June 24, 2010 at 2:11 pm EDT | by Daniel O'Neill
HIV leadership that will be missed

Well, she’s gone.

With great sadness I learned earlier this month of Dr. Shannon Hader’s sudden resignation as director of the HAHSTA, effective July 15. Her imminent departure has left numerous leaders in the HIV/AIDS community wondering: How could this happen, just as we gain momentum to turn the corner on the HIV/AIDS crisis and only a couple years before D.C. takes center stage as host of the 2012 International AIDS Conference?

At the June 14 meeting of the Gertrude Stein Club, Mayor Adrian Fenty dodged questions regarding the circumstances surrounding Dr. Hader’s departure and what steps he had taken, if any, to retain her — adding to speculation that dynamics within his administration and the DOH may have played a role in her leaving.

Larry Bryant, co-chair of DC Fights Back, an organization that was influential in Dr. Hader’s hiring, echoed the position of other community leaders that the Fenty administration offered “little support of Dr. Hader” during her tenure and resisted the undertaking of a more comprehensive HIV/AIDS strategy, including interventions that would go much further than before. As a result, “her hands were tied” by a local government that lacked the funds and the vision to realize the full potential of a more integrated, multi-agency approach needed to address this public health emergency.

Whatever the reason for her departure, I agree with Council member David Catania that her loss is “catastrophic.” However, I am hopeful that our community can weather this transition, if we act on the vision she has left for us and press our politicians to treat HIV/AIDS like the “No. 1 health priority” it is. We cannot be spectators.

Dr. Hader bravely assumed the helm of the beleaguered HIV/AIDS administration in 2007, at a time when DOH’s repeated failures and mismanagement of the crisis were emblazoned across the front of the Washington Post on a weekly basis. But after her arrival, she took the unprecedented step of overhauling D.C.’s approach to HIV/AIDS and STD surveillance, transforming it into one of the country’s most rigorous and extensive epidemiological systems that is the envy of most state health departments.

Her wise investment in a data-supported, science-driven strategy to fight HIV/AIDS has been the lynchpin of our recent successes and will remain one of her lasting legacies. As a member of the HIV Prevention Community Planning Group, I saw first-hand how the recent epidemiological data were instrumental in justifying a greater prioritization of CDC funds to the District’s MSM population.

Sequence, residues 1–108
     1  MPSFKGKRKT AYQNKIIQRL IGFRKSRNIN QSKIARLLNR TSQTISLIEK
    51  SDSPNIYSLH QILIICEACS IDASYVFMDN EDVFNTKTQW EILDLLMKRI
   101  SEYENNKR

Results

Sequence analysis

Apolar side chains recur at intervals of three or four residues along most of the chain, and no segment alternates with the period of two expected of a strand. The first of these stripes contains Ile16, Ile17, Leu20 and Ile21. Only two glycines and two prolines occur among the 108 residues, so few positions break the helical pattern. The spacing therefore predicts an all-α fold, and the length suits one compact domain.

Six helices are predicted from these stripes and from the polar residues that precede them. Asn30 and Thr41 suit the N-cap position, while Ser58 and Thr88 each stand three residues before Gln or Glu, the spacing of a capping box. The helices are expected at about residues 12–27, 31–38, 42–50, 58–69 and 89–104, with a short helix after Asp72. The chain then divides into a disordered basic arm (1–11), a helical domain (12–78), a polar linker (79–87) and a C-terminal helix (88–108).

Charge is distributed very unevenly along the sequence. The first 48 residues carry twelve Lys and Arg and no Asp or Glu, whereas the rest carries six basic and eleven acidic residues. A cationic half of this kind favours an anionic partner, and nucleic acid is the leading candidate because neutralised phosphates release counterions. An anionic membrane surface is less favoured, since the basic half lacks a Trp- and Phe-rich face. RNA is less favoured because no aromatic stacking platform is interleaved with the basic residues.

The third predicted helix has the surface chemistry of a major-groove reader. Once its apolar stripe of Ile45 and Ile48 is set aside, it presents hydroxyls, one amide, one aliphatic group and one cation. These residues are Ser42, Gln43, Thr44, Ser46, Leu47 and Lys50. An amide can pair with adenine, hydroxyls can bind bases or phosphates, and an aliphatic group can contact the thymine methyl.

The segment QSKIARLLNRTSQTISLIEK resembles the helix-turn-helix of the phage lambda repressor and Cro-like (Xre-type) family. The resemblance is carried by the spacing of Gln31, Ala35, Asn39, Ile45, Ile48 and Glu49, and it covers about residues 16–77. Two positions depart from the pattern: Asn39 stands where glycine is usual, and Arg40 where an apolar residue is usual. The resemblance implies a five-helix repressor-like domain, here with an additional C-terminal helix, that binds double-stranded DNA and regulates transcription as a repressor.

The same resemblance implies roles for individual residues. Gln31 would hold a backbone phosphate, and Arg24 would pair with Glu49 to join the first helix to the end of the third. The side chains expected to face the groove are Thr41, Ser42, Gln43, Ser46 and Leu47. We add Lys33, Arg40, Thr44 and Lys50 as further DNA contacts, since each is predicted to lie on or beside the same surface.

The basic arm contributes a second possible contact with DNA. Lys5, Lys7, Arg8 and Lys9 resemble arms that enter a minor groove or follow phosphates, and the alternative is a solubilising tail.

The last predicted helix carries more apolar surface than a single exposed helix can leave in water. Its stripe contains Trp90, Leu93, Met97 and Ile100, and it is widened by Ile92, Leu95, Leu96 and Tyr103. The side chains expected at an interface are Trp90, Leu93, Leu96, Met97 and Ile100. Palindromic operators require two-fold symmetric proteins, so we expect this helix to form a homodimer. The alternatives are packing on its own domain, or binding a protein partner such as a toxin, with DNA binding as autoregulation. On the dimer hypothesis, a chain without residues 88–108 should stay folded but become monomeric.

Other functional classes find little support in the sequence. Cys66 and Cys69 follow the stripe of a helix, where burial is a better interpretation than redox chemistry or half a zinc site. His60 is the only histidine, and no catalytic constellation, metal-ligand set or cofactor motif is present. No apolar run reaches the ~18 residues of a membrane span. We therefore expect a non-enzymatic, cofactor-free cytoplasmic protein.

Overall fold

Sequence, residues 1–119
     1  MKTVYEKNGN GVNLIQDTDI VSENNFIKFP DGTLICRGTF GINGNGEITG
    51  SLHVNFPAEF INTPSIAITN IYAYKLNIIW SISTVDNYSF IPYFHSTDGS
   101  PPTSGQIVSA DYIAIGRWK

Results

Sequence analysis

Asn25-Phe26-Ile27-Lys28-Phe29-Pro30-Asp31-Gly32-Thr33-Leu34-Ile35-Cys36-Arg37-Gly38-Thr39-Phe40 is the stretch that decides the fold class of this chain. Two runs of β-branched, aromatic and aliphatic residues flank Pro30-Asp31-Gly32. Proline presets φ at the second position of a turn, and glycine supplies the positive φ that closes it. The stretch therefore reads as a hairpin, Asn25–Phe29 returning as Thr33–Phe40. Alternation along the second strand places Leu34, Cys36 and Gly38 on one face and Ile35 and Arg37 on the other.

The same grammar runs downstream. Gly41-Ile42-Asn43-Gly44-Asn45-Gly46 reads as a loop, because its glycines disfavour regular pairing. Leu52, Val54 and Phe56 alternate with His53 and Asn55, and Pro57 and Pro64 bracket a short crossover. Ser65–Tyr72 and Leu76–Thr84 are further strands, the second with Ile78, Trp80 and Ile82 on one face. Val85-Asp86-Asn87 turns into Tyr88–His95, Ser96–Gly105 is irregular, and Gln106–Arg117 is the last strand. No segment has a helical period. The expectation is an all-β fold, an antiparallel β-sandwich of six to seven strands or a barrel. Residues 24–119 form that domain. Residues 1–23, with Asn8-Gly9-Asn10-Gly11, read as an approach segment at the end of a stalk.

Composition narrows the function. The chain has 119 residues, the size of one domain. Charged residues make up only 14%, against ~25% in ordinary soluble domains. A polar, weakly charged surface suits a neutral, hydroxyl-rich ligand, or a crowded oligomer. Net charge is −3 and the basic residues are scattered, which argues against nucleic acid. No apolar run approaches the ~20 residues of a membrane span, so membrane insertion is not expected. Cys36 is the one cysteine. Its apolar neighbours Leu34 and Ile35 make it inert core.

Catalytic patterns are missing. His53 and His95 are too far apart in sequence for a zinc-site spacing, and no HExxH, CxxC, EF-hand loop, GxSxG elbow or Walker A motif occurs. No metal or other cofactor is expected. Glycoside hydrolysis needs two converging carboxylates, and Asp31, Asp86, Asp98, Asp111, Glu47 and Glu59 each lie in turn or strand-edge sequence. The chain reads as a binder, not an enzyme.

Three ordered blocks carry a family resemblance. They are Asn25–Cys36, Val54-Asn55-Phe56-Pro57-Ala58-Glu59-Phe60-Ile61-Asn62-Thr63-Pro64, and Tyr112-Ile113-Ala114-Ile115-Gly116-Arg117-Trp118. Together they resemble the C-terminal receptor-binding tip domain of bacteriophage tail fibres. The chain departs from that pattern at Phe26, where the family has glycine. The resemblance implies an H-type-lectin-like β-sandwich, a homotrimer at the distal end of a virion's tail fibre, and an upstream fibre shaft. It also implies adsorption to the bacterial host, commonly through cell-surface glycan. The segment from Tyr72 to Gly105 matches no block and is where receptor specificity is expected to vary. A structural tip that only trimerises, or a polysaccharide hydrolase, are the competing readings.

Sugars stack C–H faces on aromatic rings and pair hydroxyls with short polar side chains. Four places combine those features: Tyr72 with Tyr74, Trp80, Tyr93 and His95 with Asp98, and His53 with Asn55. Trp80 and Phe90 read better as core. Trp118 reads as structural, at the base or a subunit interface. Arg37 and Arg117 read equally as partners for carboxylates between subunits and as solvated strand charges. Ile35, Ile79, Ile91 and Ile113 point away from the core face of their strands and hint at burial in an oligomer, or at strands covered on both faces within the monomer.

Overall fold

She also convened a series of in-depth discussions among local leaders to develop an MSM HIV Action Plan that should be released this summer. At her behest, HAHSTA has already started to implement recommendations drawn from these discussions, including a request for grant applications that aim to support MSM-targeted condom distribution and social networking interventions. All of these efforts indicate that Dr. Hader is leaving us in a good position for the time being; but at this pivotal moment we must seize this opportunity, lest we risk wasting valuable time to utilize available data.

Dr. Hader’s interim replacement, Dr. Nnemdi Kamanu Elias, needs to build on this momentum and not just maintain the status quo. I have confidence that Dr. Elias has the experience to succeed in her temporary post. However, if we simply tread water until the position is filled, which I fear may be delayed until after the coming mayoral election, we risk backsliding on countless problems still brewing, including a housing wait-list of 600-700 HIV-positive individuals long, a desperate need to improve HIV testing, inconsistencies in the supply of free condoms and lube, and a call for more robust linkages to care for newly diagnosed patients.

I hope that by 2012, D.C. will be a shining example of how to effectively turn the tide against this disease, sending a powerful message to the international HIV/AIDS communities through its implementation of a cohesive plan that mirrors the National AIDS Strategy, a mayor that conveys steadfast support of the director of HAHSTA, and a local government that champions more innovative and integrated approaches to this ever-evolving epidemic.

Dr. Hader’s vision has laid the foundation for achieving this goal. Now it is up to us to finish the job. Thank you, Dr. Hader. Your leadership will be sorely missed.

Daniel O’Neill is chair of the DC Center’s HIV Prevention Working Group. Reach him at danielfoneill@gmail.com.

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